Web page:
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New iPod, Old Accessories

Finding new life in some ancient iPod add-ons By Kevin Schmitt

Ahh, 2002. The Patriots won their first Super Bowl, Attack of the Clones was in theaters, and the President had a run-in with a pretzel. Though it seems like a lifetime ago, 2002 was also the year I purchased my first iPod?a second-generation 20GB model that today, when compared to my recently-acquired iPod Video, looks about the size of your average doublewide. But faced with the daunting prospect of shelling out potentially hundreds of additional dollars for all-new accessories, I wanted to see if anything could be used with the latest model.

Good news for more up-to-date iPods

Before I get into my particular experience, it's worth noting that if you already happen to own an iPod model with the now-standard Dock connector on the bottom of the unit, it's quite likely that most accessories that were designed for said connector should still work identically with the newest iPods. However, one annoyance is that these new iPods (the nano and the full-size 5G models with video) will no longer sync over a FireWire connection. So while you may already have a cable with a FireWire plug on one end and a Dock connector on the other, you'll still be able to charge your iPod using that cable, but you won't be able to sync the iPod with iTunes. Whether that particular annoyance is minor or major depends on your situation; if you're stuck on a machine without a USB2 port your experience is probably going to be less than ideal. Anyway, the upshot is that most accessories designed for the Dock connector should still be usable on the latest iPods with little hassle.

And for the rest of us...

I didn't go too hog wild with accessories for my 2G iPod, but I do like to think that I have a pretty standard line-up of add-ons. Since the older iPods did just about everything through a standard FireWire port and a headphone jack (fig. 1), at first glance it would seem that one would be stuck starting from scratch with a new iPod, especially since Apple no longer ships any accessories save for a USB cable. However, being the cheap skinflint that I am, I was determined to find out for myself whether I could reuse anything I already had before I was forced to give the ol' credit card yet another workout. To my surprise (and delight for the aforementioned credit card), I was able to put most of my old iPod accessories to good use with the 5G iPod Video.


Figure 1: All the magic happened at the top of the old iPods.

The lineup

As I've already said, while not extensive, I have what is likely a pretty typical selection of accessories, some of which came with my 2G iPod and some of which were purchased later. Here's what I have and what I did (or didn't do) to use them with the new iPod:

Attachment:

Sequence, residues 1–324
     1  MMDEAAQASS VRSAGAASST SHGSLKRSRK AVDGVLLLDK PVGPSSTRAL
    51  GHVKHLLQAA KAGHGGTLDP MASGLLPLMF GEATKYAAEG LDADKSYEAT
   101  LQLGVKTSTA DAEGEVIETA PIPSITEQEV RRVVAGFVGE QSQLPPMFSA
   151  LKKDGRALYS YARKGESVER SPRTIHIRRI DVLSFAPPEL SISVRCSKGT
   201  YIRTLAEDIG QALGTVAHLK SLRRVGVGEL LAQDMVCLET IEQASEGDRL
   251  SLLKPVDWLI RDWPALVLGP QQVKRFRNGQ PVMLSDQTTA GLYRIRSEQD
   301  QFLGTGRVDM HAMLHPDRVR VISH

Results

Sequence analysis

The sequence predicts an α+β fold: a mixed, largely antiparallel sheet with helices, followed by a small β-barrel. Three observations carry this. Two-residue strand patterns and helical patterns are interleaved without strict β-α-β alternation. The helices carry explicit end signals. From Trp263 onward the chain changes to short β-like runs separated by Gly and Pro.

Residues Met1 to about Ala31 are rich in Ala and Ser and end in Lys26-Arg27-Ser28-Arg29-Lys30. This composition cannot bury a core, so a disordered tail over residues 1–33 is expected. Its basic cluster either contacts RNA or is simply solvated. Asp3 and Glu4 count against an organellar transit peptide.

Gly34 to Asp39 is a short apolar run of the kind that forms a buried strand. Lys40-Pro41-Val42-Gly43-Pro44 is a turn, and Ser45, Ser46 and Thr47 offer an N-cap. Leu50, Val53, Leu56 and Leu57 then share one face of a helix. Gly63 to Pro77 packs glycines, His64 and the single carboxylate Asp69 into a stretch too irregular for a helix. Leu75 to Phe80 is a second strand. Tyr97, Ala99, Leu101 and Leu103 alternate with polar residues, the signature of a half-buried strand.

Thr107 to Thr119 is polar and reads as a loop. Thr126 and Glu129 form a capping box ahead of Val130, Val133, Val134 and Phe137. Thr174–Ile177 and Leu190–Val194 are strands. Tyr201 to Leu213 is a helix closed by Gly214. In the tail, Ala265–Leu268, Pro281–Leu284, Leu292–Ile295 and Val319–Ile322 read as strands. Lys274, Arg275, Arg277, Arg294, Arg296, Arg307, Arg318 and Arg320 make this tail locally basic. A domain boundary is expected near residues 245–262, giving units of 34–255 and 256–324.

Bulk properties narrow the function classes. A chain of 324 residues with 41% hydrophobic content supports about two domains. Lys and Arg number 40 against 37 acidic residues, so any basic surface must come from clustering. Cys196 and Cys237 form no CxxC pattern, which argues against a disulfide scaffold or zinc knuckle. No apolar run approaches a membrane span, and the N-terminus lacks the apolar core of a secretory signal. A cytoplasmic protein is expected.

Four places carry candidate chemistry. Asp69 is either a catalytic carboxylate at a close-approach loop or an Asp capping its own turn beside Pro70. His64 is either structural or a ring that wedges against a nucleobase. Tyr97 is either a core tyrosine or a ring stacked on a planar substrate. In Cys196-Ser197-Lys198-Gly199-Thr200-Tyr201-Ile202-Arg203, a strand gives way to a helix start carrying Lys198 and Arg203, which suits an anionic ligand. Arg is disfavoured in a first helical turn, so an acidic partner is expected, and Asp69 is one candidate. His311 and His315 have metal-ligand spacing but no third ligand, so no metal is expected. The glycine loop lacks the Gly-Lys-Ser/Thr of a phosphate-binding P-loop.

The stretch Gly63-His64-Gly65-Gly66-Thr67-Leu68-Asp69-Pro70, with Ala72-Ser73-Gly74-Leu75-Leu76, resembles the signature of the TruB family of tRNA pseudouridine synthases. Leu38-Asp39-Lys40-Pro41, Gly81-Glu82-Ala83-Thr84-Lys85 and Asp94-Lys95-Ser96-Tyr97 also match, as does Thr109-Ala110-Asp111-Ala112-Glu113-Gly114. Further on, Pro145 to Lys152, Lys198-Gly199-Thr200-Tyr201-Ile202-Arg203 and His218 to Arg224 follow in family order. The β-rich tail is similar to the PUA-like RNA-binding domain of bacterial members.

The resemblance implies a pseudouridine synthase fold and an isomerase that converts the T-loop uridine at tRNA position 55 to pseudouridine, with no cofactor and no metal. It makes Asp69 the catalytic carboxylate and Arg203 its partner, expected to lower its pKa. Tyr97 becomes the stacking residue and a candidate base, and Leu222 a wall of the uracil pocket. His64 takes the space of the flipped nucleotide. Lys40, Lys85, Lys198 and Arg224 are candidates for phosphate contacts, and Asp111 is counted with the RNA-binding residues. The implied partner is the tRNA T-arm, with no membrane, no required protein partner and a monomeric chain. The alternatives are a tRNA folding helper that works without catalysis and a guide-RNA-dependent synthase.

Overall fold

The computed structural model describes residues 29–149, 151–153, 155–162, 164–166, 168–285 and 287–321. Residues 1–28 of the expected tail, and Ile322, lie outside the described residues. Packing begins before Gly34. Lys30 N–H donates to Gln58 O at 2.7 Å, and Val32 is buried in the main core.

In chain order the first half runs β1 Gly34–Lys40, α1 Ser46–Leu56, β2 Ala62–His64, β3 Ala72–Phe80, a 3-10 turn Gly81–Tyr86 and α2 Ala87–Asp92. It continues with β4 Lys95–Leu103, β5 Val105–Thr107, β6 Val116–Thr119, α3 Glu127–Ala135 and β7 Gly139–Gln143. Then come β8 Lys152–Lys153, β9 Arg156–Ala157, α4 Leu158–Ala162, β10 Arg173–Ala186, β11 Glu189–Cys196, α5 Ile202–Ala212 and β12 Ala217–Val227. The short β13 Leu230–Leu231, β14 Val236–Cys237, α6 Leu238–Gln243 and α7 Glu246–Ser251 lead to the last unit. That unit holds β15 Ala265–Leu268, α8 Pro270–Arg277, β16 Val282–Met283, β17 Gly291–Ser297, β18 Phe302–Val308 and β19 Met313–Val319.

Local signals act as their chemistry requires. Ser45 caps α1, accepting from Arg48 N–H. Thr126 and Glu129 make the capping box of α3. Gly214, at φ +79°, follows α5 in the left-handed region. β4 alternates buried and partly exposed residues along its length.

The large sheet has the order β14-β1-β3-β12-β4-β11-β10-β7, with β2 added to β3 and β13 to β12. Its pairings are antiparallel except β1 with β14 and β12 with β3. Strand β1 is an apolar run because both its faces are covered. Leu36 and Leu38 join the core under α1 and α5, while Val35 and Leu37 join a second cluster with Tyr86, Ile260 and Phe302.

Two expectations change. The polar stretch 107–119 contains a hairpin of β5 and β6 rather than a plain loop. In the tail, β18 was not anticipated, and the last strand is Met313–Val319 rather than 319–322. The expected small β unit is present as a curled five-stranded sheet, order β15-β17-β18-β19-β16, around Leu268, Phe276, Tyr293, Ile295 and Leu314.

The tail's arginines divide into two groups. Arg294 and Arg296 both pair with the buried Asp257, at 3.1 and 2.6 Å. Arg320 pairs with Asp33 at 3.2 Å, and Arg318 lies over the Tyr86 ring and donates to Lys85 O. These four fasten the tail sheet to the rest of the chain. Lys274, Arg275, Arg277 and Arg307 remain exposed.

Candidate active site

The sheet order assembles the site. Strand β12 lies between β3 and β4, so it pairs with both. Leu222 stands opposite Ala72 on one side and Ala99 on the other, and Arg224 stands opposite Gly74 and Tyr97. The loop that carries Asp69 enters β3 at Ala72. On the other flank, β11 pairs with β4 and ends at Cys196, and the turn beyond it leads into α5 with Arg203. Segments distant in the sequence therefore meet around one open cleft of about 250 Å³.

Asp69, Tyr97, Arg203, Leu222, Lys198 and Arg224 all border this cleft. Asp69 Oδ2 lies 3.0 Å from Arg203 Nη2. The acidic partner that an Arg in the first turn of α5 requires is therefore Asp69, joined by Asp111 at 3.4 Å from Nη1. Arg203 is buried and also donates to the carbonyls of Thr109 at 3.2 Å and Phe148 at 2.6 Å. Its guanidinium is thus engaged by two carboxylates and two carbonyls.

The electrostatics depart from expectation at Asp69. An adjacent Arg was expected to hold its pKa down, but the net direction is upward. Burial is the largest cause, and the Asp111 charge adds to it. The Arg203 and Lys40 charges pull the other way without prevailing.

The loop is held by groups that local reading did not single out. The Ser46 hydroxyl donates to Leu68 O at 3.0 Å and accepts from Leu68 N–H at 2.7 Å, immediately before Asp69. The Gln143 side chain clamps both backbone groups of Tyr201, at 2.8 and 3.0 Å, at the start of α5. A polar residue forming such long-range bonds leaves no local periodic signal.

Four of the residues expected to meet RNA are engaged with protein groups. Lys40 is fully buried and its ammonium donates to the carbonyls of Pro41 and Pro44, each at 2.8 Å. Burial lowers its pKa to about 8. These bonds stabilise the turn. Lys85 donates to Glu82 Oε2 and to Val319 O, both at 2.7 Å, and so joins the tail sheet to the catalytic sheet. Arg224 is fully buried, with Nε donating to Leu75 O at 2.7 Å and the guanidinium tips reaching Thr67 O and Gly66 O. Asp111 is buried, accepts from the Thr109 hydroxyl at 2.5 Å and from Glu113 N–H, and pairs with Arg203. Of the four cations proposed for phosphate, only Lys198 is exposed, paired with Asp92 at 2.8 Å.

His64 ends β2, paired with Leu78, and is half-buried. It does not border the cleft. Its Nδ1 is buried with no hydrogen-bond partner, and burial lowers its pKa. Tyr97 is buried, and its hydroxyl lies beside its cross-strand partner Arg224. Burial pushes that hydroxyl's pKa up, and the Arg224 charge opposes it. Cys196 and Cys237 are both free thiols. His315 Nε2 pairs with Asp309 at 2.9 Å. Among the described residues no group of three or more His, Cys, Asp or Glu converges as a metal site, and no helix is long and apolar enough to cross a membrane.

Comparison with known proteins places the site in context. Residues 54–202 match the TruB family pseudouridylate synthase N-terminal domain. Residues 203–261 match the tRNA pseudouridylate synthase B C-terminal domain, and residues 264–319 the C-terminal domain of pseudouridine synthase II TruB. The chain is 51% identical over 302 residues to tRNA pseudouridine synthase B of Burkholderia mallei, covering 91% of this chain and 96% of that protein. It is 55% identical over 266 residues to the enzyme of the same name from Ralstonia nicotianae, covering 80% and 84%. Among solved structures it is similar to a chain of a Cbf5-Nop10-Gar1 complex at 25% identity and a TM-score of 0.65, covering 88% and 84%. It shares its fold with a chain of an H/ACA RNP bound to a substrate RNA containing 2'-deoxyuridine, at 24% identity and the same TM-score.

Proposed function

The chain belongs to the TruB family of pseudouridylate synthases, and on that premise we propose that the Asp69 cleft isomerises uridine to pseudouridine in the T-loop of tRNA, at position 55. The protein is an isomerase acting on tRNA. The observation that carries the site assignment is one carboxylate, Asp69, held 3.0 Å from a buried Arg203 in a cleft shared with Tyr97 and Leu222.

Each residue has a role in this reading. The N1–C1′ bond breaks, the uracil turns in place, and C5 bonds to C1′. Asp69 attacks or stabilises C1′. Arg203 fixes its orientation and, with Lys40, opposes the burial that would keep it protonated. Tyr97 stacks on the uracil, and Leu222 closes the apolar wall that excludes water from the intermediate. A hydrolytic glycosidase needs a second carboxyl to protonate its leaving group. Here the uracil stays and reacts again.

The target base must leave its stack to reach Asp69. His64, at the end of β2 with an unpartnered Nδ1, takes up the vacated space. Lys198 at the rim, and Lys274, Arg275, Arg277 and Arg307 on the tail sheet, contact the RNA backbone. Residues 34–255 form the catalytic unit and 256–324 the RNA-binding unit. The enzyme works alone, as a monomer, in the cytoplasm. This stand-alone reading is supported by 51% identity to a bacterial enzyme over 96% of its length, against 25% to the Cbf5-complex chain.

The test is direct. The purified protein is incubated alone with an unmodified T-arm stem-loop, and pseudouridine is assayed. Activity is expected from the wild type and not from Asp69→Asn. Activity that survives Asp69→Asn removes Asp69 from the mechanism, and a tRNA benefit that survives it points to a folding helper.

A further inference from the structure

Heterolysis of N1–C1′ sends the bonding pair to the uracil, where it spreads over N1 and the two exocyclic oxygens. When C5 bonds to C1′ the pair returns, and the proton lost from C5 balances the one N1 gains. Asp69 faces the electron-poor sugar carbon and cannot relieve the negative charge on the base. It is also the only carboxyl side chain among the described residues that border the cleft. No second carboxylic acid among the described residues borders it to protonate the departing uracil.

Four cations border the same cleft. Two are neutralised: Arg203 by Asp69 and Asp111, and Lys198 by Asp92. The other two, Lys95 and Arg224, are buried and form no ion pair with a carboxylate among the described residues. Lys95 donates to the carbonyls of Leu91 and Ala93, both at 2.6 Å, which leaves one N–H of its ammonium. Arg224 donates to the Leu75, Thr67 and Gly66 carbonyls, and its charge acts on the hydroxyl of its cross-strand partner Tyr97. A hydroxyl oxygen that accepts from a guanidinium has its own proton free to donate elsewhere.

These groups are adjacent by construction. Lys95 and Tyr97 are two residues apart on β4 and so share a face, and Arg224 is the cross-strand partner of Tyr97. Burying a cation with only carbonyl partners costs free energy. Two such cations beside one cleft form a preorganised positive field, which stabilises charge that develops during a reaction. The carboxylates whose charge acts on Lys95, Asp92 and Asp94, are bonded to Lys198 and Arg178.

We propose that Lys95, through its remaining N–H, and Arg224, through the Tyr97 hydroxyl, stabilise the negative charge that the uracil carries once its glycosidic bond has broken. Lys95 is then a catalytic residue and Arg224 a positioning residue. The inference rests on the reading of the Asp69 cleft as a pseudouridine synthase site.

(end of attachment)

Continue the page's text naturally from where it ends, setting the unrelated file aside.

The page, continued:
Item One: Wall Charger
Included with the 2G iPod, this little brick plugs into the wall at one end and attaches to any 6-pin-to-6-pin FireWire cable on th other, providing power to charge the iPod.

The Problem: The new iPods get their power from the Dock connector. So obviously, I can't just plug this thing into the new one.

The Solution: I can't not have an external charger, and since Apple didn't include one with the new iPod, I made my first purchase?SendStation's PocketDock FireWire. Now, this is normally a $19 accessory, but I was one of the lucky ones who got one for free during a recent holiday promo SendStation was running. I just had to pay in the neighborhood of $6 for shipping. Score.

Anyway, the PocketDock FW is very simple, yet very useful. On one end, it plugs into your iPod's Dock connector. On the other, a standard 6-pin FireWire port. So the chain goes like this: 2G wall charger, any 6-pin-to-6-pin FireWire cable, PocketDock, iPod. Bam. Saved my wall charger. Even if I had paid the full price with shipping, the PocketDock probably still would have been worth it, as we'll see in just a moment. The one drawback is related to the new iPod and the previously mentioned inability to use FireWire to sync the unit, and therefore you can't use the PocketDock and a FireWire cable to sync the iPod with iTunes. You can recharge your iPod through a FireWire port on your computer using the PocketDock, just no syncing. Damn you, Apple!

Alternative Options: The new USB version of the wall charger, which is more or less identical to the older FireWire version, is available for $29 from the Apple Store. Incidentally, the iPod accessory section of the online Apple Store is a good resource to research not only Apple-branded accessories, but also a large selection of third-party ones. It doesn't necessarily have the best prices, but it's usually a good starting point to figure out what's available.

Current Total: $5.80


Figure 2: The PocketDock is tiny, but oh-so-helpful.


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Related Keywords:ipod, pocketdock, itrip

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